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animal frame, or produced by the operations of natural conscience, are temporary, and liable to subside into indifference, or carnal security, or to give place to the influence of those lusts which still have dominion over the soul. And if we regard all as true converts, who have felt such impressions, we shall rank many among the saints, who will perhaps soon undeceive us by their apostacy, or to whom we shall, in the last awful day, hear the Saviour say, “ Depart from me, I never knew you."
5. How necessary the exertion of divine power, in order to change the sinner's heart! In spite of education, of knowledge, of conviction, of the evil of sin, of the fear of punishment, of resolutions of amendment, the heart will love sin, and cleave to it, unless the Spirit of God work in his powerful and irresistible manner.
Reformation will be superficial and temporary when his influence is withheld. Old things will not so pass away, as to be hated and abandoned, unless He who moved on the waters of chaos make all things new. The convinced sinner will relapse, if he is not born of the Spirit, if he is not created anew in Christ Jesus, if he is not made one of the Saviour's willing people in the day of divine power.
6. What an awful thing an awakened conscience, and how dreadful to see our danger, and yet refuse the remedy! If sin is so bitter to the sinner sometimes in this world, how bitter must it be in the latter end! What fruit have we of those things, the end whereof is death ? and what present pleasure in the service of sin can compensate for the agony which the sinner feels, when his conscience rises up to accuse him, and still more when he afterwards eats the fruit of his doings ? If even lowness of spirits can render life intolerable, and make a man extremely miserable, how intolerable must be the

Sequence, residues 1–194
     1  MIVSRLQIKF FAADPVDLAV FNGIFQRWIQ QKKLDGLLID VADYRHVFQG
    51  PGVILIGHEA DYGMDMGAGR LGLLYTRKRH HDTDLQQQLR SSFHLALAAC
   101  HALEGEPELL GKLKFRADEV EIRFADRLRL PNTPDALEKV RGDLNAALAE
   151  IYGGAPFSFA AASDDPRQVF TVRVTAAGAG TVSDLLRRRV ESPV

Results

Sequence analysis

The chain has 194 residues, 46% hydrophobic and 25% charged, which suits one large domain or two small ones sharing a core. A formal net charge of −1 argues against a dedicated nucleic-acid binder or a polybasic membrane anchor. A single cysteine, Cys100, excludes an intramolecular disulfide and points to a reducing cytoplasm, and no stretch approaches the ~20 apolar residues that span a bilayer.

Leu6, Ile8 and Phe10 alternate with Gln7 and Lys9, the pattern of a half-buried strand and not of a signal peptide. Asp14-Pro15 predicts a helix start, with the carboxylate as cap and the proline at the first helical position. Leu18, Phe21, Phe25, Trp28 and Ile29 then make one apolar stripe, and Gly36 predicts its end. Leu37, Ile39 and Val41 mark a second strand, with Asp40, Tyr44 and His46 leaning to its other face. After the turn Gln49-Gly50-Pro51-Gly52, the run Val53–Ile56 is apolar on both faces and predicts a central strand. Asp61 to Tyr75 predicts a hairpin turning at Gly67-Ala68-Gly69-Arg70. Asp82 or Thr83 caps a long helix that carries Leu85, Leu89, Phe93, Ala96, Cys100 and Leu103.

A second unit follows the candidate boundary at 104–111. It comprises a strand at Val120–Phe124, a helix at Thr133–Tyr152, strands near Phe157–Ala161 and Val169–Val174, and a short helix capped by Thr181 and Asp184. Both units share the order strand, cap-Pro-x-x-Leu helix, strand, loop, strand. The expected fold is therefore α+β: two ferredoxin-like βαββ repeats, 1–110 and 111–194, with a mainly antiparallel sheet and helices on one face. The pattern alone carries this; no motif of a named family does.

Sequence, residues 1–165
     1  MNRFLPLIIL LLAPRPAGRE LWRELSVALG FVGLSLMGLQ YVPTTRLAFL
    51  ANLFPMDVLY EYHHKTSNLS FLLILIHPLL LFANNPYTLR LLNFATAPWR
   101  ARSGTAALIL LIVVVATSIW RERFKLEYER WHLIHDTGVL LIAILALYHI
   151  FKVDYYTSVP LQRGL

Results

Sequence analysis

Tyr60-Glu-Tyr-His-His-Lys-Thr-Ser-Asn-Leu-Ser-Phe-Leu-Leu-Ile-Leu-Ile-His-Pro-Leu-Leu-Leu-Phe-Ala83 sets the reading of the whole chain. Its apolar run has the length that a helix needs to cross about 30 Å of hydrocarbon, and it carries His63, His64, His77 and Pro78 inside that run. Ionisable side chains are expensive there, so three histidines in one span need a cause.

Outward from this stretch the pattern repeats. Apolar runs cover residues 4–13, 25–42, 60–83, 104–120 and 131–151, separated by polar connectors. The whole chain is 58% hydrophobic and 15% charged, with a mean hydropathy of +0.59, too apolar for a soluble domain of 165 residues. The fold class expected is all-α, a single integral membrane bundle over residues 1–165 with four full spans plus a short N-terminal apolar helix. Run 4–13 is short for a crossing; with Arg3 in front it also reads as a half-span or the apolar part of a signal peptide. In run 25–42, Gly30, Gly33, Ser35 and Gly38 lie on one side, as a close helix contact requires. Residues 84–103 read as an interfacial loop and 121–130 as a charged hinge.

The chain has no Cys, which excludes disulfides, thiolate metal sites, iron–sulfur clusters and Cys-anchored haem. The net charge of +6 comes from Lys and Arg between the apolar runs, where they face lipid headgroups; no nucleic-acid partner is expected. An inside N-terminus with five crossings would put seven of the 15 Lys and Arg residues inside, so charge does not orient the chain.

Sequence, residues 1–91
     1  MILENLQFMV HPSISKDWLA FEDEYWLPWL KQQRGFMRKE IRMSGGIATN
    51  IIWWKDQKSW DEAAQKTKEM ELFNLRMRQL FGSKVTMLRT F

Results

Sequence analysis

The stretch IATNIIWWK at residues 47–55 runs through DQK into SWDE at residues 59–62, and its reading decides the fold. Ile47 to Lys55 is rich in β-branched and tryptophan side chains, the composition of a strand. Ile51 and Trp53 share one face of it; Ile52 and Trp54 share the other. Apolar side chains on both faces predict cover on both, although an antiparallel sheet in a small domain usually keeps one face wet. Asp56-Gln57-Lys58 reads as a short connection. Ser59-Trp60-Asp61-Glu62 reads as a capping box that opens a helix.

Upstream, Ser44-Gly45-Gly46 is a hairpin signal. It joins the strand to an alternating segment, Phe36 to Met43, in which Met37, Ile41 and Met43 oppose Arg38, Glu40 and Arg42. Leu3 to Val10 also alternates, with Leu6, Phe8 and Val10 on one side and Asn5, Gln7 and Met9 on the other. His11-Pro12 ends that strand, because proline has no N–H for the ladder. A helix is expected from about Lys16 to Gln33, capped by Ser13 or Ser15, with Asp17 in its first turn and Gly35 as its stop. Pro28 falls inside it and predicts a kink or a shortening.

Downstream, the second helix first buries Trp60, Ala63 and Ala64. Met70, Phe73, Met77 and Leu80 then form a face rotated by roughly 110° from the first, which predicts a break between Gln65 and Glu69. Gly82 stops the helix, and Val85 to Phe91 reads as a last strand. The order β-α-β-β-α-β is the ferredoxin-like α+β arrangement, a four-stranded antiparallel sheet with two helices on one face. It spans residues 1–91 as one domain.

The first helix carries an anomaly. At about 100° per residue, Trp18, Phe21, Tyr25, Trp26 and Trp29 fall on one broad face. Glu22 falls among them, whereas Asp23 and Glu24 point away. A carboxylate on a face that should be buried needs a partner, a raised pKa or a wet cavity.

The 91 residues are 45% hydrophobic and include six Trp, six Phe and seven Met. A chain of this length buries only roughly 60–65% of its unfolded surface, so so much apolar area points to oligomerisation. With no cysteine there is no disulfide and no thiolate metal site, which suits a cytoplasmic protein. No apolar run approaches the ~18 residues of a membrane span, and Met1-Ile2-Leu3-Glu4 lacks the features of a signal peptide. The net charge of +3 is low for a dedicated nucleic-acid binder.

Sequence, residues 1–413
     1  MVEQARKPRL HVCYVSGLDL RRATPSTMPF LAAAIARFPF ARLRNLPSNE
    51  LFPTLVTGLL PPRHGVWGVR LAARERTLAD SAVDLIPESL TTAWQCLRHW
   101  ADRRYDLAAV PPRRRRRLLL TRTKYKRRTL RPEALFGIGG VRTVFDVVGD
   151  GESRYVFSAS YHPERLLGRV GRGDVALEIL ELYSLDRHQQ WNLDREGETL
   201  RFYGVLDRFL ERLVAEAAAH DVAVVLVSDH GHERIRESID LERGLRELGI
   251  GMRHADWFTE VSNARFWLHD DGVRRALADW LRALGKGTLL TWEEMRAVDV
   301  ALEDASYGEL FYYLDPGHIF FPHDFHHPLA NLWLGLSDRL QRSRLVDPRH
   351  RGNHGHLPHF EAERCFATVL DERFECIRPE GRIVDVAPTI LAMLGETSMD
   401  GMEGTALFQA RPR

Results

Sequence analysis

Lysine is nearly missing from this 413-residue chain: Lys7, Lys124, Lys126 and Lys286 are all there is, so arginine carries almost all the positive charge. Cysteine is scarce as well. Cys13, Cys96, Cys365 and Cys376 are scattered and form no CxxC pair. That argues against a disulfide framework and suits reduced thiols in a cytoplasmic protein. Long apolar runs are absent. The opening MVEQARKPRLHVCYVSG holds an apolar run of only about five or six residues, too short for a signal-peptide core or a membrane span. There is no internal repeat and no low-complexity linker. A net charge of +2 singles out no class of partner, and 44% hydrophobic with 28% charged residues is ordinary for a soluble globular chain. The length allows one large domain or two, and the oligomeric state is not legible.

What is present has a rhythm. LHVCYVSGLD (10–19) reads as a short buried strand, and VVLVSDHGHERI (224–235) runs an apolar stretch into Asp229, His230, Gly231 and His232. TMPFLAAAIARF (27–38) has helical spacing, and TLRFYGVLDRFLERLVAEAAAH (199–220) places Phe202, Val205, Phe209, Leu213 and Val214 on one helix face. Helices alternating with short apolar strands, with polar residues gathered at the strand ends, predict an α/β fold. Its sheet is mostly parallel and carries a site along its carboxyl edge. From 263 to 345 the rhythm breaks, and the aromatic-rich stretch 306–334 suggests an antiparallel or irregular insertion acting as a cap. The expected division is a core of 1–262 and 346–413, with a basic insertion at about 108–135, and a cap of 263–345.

anguish of final despair !
“ The spirit of a man may sustain his infirmity; but a wounded spirit who can bear ?" The sinner who believes the Gospel, may be cast down by a view of his sins, but he is not forsaken : but he who rejects the remedy presented in the Gospel, is, when under the feeling sense of his sin and danger, not only in perplexity, but ready to plunge into despair.
Lastly. What an inestimable blessing is peace of mind, flowing from faith in the atonement ! and how happy they, whatever be their external condition, who enjoy it! Peace of mind, from peace with heaven, is a greater blessing than the possession of all created enjoyments. Being justified by faith, we have peace with God, through our Lord Jesus Christ. Believing, we rejoice with joy unspeakable and full of glory. Thou wilt keep him in perfect peace whose mind is stayed on thee, be. cause he trusted in thee.